While summer is winding down, things were heating up in wonderful Oklahoma City at the 2022 SISO (Society of Independent Show Organizers) Summer Conference. This event brings together independent show organizers (ISOs) of all sizes and types to tackle some of the biggest challenges in the industry. I wanted to share some critical insights into what they see as key challenges in the years ahead.
Staffing Remains an Issue
Organizers shared that teams are stretched thin across the entire events ecosystem. Most are still understaffed, including companies that exhibit at or sponsor events. While some ISOs focus on successfully executing in-person events, many are most interested in diversifying their portfolios and options for year-round engagement.
Know Your Customer
With the great resignation, great retirement and turnover among all trade show constituents, today’s audience may look very little like 2019 or even 2021. However, as customer behaviors have shifted and many contacts have departed, knowing the customer and their evolving preferences were top of mind for show organizers. This “customer need” will drive event-related decisions for the foreseeable future as ISOs seek ways to recover from the pandemic.
Data, Data, Data
Integration of customer data across platforms are critical as ISOs build and maintain an understanding of all their audiences. As ISOs shrunk their events teams and ramped up digital properties during the pandemic, data-driven marketers are asking for this data at in-person events.
However, despite the high desire to evaluate data frequently, it was clear that historical trend data and pacing (how a show is performing weeks out from an event) were fruitless activities. There is confirmation that attendees and exhibitors continue to purchase and register far closer to the event. Some of this is a symptom of the post-pandemic behavioral shift, while others see economic uncertainty creating apprehension.
There was a buzz around Matchmaking at SISO. Sarah Varner, Vice President of Marketing, at Emerald Industrial Connections Group shared on stage that NPS scores were higher among those who participated in Matchmaking. Attendees and exhibitors alike are looking for ways to create a better, more curated experience and matchmaking is a way to expedite the buyer and supplier relationship. In many ways, audiences are a little rusty when networking in-person. As new attendees (who may have never attended the show or even been in the industry) come to events, they look for show organizers to help them on their journey. As younger audiences begin to eclipse older attendees, this will be especially true as they are accustomed to digital tools to help them foster and build relationships. This, along with better digital content from exhibitors showcasing their products and services in advance of the show, further enhances their in-person experiences, which every ISO was focused on.
Uncertainty, High Costs, Supply Chain Issues and Low Margins
Increased labor wages, inflation and supply chain issues have decreased margins for show organizers. With smaller staff and increased costs, organizers evaluate every spend related to “Does it provide value for the attendee and exhibitor experience?”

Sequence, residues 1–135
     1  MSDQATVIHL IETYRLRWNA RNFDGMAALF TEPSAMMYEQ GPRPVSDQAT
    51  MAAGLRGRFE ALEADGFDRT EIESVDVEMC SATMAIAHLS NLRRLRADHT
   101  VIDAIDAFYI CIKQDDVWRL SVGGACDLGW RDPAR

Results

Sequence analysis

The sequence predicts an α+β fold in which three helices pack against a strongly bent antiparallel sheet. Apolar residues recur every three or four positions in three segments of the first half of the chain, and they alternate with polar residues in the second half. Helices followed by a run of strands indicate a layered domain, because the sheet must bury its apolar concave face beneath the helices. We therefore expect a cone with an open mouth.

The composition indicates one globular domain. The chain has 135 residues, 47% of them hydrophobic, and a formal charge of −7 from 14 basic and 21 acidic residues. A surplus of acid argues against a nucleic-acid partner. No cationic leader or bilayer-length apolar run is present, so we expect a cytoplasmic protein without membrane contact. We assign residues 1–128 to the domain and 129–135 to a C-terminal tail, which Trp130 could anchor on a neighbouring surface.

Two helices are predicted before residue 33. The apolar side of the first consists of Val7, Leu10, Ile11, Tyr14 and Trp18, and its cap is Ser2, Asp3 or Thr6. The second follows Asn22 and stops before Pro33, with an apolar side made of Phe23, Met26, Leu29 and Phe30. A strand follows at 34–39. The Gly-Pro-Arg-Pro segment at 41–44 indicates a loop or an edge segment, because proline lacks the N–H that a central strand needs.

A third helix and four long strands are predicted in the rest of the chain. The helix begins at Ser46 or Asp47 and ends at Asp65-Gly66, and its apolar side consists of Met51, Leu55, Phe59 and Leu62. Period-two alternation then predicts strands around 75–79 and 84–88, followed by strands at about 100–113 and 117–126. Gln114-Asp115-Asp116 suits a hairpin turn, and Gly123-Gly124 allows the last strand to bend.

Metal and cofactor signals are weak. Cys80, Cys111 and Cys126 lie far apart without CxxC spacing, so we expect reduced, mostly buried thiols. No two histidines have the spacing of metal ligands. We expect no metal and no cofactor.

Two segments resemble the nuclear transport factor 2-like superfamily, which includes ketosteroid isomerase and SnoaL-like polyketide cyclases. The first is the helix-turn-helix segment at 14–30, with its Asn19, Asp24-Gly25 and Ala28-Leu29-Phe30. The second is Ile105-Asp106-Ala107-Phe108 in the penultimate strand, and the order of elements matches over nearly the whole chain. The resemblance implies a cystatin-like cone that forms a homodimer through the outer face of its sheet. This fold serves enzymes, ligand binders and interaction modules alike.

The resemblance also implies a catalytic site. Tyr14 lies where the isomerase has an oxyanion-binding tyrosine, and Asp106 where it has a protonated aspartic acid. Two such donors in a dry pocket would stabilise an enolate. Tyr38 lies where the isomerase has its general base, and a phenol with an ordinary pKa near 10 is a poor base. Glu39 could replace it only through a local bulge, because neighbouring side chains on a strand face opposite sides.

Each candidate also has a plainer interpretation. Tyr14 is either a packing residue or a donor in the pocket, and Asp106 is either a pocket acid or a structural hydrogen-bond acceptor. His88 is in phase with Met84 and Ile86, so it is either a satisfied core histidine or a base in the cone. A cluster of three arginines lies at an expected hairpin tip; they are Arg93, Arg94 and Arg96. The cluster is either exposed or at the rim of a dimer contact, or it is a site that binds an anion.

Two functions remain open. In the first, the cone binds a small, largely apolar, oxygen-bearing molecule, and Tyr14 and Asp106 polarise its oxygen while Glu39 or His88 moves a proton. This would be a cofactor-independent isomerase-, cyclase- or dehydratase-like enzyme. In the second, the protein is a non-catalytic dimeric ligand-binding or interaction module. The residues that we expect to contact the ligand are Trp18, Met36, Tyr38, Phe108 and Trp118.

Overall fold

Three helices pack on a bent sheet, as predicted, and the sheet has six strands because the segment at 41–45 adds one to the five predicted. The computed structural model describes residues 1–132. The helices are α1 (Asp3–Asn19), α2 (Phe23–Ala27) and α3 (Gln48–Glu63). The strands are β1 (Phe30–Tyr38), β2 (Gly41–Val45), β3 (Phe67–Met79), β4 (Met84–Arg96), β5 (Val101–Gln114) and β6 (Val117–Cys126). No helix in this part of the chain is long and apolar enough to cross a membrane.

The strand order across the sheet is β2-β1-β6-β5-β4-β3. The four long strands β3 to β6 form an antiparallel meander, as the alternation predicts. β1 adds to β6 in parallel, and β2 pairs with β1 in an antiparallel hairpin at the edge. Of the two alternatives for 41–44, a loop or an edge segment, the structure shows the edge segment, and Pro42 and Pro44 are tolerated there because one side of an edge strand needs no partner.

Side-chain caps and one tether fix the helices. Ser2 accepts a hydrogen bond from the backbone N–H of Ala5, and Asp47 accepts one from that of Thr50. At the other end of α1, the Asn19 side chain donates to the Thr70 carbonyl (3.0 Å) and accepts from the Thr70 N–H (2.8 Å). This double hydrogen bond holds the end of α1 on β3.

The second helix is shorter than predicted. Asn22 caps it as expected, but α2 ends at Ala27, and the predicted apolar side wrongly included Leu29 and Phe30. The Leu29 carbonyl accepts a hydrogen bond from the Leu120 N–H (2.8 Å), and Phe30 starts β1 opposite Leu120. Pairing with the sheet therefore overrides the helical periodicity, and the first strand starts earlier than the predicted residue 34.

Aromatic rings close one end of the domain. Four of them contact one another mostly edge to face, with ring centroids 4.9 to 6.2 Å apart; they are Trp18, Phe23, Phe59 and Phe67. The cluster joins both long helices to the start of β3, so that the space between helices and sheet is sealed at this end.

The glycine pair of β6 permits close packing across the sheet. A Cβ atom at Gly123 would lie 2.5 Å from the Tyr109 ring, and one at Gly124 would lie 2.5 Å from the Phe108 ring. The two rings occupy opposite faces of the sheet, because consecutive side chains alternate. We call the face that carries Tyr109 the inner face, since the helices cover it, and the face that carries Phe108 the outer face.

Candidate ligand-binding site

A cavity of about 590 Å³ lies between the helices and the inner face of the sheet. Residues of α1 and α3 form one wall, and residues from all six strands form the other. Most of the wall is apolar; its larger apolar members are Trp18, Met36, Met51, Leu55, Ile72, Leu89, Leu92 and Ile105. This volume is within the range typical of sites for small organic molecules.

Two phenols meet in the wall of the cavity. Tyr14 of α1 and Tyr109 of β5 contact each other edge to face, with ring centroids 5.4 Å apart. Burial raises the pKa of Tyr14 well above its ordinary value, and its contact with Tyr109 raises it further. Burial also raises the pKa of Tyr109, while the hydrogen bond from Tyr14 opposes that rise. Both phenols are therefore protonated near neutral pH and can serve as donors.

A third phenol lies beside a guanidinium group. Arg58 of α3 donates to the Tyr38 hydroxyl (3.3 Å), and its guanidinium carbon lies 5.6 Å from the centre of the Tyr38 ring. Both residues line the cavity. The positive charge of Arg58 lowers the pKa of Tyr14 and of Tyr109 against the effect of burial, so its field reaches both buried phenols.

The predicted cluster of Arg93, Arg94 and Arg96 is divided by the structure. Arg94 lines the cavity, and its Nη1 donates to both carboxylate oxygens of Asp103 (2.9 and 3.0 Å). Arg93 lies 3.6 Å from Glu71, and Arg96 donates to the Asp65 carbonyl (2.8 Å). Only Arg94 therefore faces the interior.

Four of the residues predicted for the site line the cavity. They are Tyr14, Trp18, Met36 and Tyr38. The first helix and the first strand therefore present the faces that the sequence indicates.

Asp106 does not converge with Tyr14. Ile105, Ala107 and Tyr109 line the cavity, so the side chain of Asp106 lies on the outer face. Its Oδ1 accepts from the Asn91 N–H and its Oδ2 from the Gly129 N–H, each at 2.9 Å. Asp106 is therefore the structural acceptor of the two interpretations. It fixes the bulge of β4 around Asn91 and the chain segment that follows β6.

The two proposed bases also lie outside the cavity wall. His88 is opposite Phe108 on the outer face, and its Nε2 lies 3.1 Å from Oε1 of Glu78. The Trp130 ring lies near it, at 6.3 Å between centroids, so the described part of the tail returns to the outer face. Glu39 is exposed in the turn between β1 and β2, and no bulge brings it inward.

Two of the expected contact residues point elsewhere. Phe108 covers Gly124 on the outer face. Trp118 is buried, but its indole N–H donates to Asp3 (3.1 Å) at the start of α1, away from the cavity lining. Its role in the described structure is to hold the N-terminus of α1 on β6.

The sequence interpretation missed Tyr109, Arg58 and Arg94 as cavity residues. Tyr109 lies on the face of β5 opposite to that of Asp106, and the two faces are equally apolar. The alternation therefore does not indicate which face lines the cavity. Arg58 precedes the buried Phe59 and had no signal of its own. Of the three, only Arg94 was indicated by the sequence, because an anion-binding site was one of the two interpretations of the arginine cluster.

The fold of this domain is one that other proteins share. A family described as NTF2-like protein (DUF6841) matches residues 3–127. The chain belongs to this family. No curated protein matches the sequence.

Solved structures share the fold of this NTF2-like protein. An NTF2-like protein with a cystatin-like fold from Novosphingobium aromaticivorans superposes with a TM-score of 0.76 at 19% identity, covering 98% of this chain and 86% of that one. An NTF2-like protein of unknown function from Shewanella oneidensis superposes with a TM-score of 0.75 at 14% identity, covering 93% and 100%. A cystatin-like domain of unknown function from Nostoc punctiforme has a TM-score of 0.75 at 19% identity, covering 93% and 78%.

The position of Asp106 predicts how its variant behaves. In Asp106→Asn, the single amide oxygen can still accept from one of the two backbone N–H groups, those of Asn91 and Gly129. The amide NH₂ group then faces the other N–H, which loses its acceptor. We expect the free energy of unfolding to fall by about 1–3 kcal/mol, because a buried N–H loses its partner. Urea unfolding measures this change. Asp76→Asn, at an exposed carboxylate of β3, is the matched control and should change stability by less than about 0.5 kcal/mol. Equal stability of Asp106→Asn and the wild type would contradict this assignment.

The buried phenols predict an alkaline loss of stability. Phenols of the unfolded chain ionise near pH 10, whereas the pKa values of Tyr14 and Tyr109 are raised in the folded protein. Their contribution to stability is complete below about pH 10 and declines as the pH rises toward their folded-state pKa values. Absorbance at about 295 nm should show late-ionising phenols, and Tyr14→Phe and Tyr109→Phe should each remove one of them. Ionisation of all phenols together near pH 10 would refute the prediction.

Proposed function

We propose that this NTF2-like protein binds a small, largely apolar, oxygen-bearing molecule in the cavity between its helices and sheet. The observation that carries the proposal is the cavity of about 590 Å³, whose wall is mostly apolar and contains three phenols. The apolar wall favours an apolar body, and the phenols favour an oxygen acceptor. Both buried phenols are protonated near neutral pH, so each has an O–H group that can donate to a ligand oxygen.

It was clear that COVID (in general) is in the rear-view mirror for many ISOs. However, some markets and segment-specific events were still COVID testing and mask mandates based on the show and location. In addition, most were shifting the resources spent on COVID protocols to attendee experiences to entice attendance.
Netflix and the Sofa
A running joke (and not a funny one) among speakers and attendees was that events compete with people still very comfortable remaining home (not because of health concerns but because the sofa and Netflix were far more desirable choices). Many comments were around the media, continually sharing the pains of travel as another deterrent to shows in the short term. This was especially true of education-heavy events where there was a struggle to grow attendance as online education was a much easier option. Organizers must create experiences that cannot be replicated online.
The bonus each year for me is visiting cities that would make great hosts for trade shows and conferences. Admittedly I had not been to OKC in nearly a decade and I was blown away by how much the city continues to evolve and grow. Their tagline, “the modern frontier,” does a great job of summing up this city on the move. With receptions at the First Americans Museum and historic car rides (a highlight for me) to The Jones Assembly, we got to taste food, see culture and experience why OKC was named one of the Best Places to Visit by Frommer’s Travel and Travel + Leisure.
ISOs are seeing success in many shows while facing challenges in specific industries. However, decreased margins and the concern of economic headwinds are pushing organizers to evaluate their businesses carefully. One panelist summed it up: “anything beyond acquiring more attendees to satisfy exhibitors/sponsors is just a distraction in today’s marketplace.”
They are placing their limited resources (human and financial) in the most advantageous areas, especially those that acquire new audiences, enhance experiences and increase engagement of the discerning post-pandemic event customer.
While ISOs tend to be the tip of the spear and often ahead of associations in terms of transformation, I think all event organizers should think about the attendee experience like never before. I can’t wait to see everyone again next summer in Salt Lake City from August 22 to 24, 2023!